Action Alert: See conservation link at left.
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Photo by Tonya Guo
From Right: Board Members Dale, Les, Lenore, and Matt at left inspiring the next generation of birders.
The mission of the John Wesley Powell Audubon is to engage and promote activities that foster an understanding and appreciation of our natural world and that encourages others to join in this cause.
We also act as a watchdog and bellwether for our environment so that citizens can be informed and empowered with a desire to become effective advocates and stewards and to help restore, maintain and manage our natural communities and ecosystems. By meeting, working and communicating together we hope to enhance the welfare of wildlife and its habitat as well as our own.
We offer programs and field trips to learn about and enjoy nature, its complexity and its beauty and to promote collegiality in working and socializing toward our common goals. We agree to collaborate with National Audubon and adhere to its policies so that together our programs can contribute most effectively to the welfare of our world. and other content
Dear JWP Audubon Members,
Did you know that you can birdwatch from your armchair? The 18th annual Great Backyard Bird Count will be held Friday, February 13, through Monday, February 16, 2015. Please visit the official website at www.birdcount.org for more information. Anyone can take part whether you are an expert, novice,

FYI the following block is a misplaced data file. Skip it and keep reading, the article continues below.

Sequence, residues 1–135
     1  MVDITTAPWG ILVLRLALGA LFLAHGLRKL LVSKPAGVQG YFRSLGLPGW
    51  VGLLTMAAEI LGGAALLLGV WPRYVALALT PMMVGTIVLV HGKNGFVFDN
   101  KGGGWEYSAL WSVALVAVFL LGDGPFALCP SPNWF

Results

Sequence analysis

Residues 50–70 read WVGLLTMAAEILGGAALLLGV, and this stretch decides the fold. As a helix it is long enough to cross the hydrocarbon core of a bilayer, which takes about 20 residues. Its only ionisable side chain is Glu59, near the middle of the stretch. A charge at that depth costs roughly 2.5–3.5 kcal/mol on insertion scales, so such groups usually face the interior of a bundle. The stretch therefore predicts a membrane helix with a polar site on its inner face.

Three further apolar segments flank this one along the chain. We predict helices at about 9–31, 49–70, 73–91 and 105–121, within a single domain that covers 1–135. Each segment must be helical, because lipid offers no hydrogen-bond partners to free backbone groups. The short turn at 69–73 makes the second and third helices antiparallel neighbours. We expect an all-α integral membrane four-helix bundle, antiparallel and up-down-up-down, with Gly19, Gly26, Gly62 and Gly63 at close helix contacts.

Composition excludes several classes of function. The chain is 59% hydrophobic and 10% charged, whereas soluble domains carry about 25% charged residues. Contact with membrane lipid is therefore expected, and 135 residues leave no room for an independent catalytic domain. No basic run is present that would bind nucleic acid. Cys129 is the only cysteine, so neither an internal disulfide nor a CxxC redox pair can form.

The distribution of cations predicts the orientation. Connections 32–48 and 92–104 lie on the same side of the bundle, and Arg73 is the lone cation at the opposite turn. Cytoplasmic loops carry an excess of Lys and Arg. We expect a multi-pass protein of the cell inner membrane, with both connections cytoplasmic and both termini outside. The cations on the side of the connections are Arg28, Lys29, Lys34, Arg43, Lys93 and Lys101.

or feeder watcher. The results of your peek out the window are sent to the Cornell Lab of Ornithology and the National Audubon Society to help researchers determine how the birds are doing.
JWP Audubon has had an exciting fall. Our long-time president, Rhea Edge, left a wonderful legacy of 16 outstanding years of service. We welcomed Shanin Abreu (Fundraising) and Paula Wager (Publicity) to the Board. The Ornithological Records Committee produced a new checklist for Illinois Birds. These free pocket-size cards are popular for bird counts, nature walks, and field trips. The new Facebook Group, JWP Audubon, has become the go-to spot for bird alerts and photos. Fall programs on the centennial of the passenger pigeon’s extinction and on cougars were well attended. Participants enjoyed a field trip to Peoria Lake.
Financially, we are at a low point due to the loss of the annual seed sale, which became no longer economically feasible. Our checking account is $3,794.42 and our CD has $8,615.45. Happily, you are responding generously to fund specific projects such as the purple martin colony houses at Tipton Trails and White Oak Lake. Each one costs $1,080 for the house, owl guards, and total installation -- worth every penny. The three barn owl boxes have had no activity last year, but we are hopeful for this year. Your chapter contributed to a local program for at-risk youth to build and put up bird boxes. Bluebird boxes are on the list of hoped-for projects, but will have to wait.
Your dues also help make our programs at Illinois Wesleyan University possible. Last year Pulitzer Prize finalist and award-winning scientist David George Haskell gave a wonderful presentation on a year’s observation of a square meter of old-growth forest. On February 2 you’re invited to a talk about the Greater Prairie Chicken’s translocation to Illinois, and on March 17, we’ll learn about the amazing Emiquon Project along the Illinois River. We look forward to seeing you.
Looking forward to spring,
Gretchen Knapp, President